Prepare plants for winter by decreasing irrigation. Plants should not be overly stressed, but if you’re watering once every week, move to every 10-14 days. In Missoula we are behind by almost 2” for the year, so we don’t want trees and shrubs going dry into winter, so watch and see how much mother nature provides before watering.
Plants that ARE hardy to Zones 3 and 4 can have irrigation again AFTER their leaves have changed color and dropped. Harden off less-hardy plants (Zone 5) more carefully. Be careful NOT to keep plants growing by watering, fertilizing with nitrogen, or by heavy pruning.
Water landscape plants, especially evergreens, one last time during late fall --- after deciduous leaf drop when plants are dormant and before the ground freezes.
STOP PRUNNING! UNLESS YOU ARE PRUNING OUT DISEASED BRANCHES, DO NOT PRUNE PLANTS UNTIL THEY HAVE GONE DORMANT. Plants are dormant when their leaves change color and more than 75% of them have dropped. You can prune evergreens when deciduous plants lose their leaves.
Protect leafy evergreen (Rhododendrons and Oregon grape) plants and roses (esp. climbing roses) from winter wind and bright sunlight with shading, or spray anti-transpirants such as Wiltpruf.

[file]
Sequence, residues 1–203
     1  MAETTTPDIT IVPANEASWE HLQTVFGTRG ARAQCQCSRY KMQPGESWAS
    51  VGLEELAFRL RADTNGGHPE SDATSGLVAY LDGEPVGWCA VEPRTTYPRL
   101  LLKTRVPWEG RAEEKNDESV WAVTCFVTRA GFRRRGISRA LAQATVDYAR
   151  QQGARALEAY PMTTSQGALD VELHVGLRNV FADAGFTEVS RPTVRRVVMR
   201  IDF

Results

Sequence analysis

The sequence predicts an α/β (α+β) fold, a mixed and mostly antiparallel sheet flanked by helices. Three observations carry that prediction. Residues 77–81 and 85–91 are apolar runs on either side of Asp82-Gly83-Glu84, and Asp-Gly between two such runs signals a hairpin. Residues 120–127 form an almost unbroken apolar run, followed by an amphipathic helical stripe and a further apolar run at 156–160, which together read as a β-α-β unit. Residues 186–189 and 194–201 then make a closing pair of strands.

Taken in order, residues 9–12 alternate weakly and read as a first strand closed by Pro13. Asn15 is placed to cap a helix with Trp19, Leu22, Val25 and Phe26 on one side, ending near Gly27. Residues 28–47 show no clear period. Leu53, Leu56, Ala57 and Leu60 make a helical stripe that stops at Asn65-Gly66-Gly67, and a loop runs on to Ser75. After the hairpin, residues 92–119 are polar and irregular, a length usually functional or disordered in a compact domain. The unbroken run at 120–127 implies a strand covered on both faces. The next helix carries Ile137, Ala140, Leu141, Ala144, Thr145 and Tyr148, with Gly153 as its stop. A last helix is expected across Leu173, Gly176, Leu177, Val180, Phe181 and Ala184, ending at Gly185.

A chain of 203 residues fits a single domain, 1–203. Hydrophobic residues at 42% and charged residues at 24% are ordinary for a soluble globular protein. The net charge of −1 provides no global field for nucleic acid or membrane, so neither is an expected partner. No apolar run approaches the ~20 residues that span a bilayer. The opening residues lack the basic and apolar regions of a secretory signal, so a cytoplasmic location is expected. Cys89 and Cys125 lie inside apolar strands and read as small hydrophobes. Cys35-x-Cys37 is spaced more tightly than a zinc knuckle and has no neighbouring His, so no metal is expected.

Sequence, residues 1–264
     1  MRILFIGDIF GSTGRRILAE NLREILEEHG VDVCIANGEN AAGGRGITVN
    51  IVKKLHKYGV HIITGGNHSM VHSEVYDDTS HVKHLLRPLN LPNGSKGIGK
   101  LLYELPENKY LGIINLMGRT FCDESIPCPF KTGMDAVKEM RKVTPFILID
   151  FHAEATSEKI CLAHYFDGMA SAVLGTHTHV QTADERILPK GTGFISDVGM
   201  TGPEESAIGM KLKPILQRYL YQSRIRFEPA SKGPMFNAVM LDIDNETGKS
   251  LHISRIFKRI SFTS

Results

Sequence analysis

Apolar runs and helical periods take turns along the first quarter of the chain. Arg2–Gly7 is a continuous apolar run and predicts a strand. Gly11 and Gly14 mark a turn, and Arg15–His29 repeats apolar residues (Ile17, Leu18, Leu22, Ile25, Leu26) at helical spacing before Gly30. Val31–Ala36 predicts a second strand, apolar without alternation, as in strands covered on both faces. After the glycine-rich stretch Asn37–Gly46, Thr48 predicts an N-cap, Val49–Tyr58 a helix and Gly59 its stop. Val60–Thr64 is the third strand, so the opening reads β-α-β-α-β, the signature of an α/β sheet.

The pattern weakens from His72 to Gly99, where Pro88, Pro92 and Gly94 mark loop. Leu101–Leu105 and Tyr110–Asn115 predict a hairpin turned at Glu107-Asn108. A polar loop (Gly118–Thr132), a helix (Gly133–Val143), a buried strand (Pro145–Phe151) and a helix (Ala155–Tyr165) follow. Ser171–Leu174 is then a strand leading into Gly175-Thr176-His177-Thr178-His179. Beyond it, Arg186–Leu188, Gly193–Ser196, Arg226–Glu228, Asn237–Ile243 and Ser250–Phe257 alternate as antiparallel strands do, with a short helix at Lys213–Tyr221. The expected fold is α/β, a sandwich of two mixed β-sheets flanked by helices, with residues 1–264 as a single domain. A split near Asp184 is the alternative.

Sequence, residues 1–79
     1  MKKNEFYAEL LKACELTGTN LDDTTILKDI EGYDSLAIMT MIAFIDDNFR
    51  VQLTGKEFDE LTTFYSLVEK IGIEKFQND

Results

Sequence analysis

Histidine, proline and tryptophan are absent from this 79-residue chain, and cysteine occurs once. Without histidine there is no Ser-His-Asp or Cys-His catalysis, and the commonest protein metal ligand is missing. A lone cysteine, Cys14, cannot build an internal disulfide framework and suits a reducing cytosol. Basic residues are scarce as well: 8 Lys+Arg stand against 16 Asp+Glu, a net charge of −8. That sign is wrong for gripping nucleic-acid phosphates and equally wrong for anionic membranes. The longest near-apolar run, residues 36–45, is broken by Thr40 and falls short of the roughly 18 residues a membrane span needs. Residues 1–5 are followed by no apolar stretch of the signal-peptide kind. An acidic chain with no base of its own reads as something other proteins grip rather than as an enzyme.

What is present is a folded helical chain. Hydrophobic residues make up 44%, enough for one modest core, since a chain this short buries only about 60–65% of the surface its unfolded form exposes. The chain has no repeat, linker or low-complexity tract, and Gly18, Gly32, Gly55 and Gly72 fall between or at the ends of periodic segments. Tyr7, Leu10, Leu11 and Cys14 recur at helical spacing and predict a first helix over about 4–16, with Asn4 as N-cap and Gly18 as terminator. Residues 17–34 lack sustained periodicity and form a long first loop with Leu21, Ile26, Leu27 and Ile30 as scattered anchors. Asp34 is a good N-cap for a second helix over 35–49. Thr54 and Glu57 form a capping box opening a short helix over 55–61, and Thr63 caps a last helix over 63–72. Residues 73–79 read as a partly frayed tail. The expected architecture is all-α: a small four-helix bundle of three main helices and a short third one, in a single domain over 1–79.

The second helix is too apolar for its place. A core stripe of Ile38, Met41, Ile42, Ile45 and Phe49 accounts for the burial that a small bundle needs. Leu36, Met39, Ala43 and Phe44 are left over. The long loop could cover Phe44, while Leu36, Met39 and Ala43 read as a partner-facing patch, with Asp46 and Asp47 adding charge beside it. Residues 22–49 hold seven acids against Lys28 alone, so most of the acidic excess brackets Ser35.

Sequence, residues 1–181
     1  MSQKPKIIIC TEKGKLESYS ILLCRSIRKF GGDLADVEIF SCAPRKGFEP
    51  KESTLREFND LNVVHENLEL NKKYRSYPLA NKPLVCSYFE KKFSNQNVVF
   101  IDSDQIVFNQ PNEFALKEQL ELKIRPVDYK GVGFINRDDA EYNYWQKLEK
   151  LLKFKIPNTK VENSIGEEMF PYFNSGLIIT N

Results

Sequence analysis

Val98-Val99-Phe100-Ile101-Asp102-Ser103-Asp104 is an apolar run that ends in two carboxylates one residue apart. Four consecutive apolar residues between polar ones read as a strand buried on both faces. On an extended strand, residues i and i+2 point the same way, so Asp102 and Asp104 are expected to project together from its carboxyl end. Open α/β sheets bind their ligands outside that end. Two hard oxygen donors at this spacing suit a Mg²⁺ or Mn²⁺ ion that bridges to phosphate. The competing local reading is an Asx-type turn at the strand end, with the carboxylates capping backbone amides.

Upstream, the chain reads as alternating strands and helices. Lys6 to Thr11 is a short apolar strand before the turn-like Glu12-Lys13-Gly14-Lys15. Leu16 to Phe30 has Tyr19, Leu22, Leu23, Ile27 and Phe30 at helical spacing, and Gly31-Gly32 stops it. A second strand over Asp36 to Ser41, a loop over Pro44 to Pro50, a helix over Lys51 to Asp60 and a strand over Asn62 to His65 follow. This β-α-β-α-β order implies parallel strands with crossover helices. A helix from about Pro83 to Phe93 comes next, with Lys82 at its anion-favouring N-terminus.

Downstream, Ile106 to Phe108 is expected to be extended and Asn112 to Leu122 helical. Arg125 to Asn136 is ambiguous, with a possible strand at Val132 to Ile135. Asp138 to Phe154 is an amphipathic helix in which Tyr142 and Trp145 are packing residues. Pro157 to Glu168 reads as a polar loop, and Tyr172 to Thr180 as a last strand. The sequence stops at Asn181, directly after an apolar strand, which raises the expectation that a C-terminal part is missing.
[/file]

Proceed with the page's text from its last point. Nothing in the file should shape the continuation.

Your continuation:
Put containerized plants on their sides in a protected area where temperatures will remain constant; bury containers in sawdust or ground bark. If voles or mice are a problem, be sure to add some bait in enclosed stations, to prevent damage to woody plant branches. If plants are to over winter indoors, treat any pest problems before bringing inside!
Protect the trunks of recently transplanted young trees with light-colored wrapping or white latex paint. This helps decrease bark splitting on cold nights following bright, sunny winter days during which young trees soak up the rays and forget it’s winter.
Mulch plants after the first hard frost with compost (up to 2 inches deep), or mulch with straw, hay, composted leaves, or non-diseased brush trimmings. Mulching is especially important for strawberries and grafted tea, grandiflora, and floribunda type roses. Cover roses up to 1 inch above the bud graft union with soil, then add 2 feet of loose mulch, such as pine needles or ground bark. If you choose to not trim back perennials, this adds a layer of protection thru the winter months, especially if we don’t get a good snow cover.
Mow the lawn short (approximately 1.5-2”) one last time after the first hard freeze. This will help to avoid a fungus disease called “Snow Mold” if we have a snowy winter.
Apply a light application of compost to lawns (1/2 inch to 1 inch deep) after the last mowing of the season.
Divide any spring and summer blooming perennials now. Be sure to water in well and give extra protection with adding a layer of mulch around them.
Weed spraying in the fall after a hard frost, yields good results on tap rooted perennials such as dandelions and knapweed.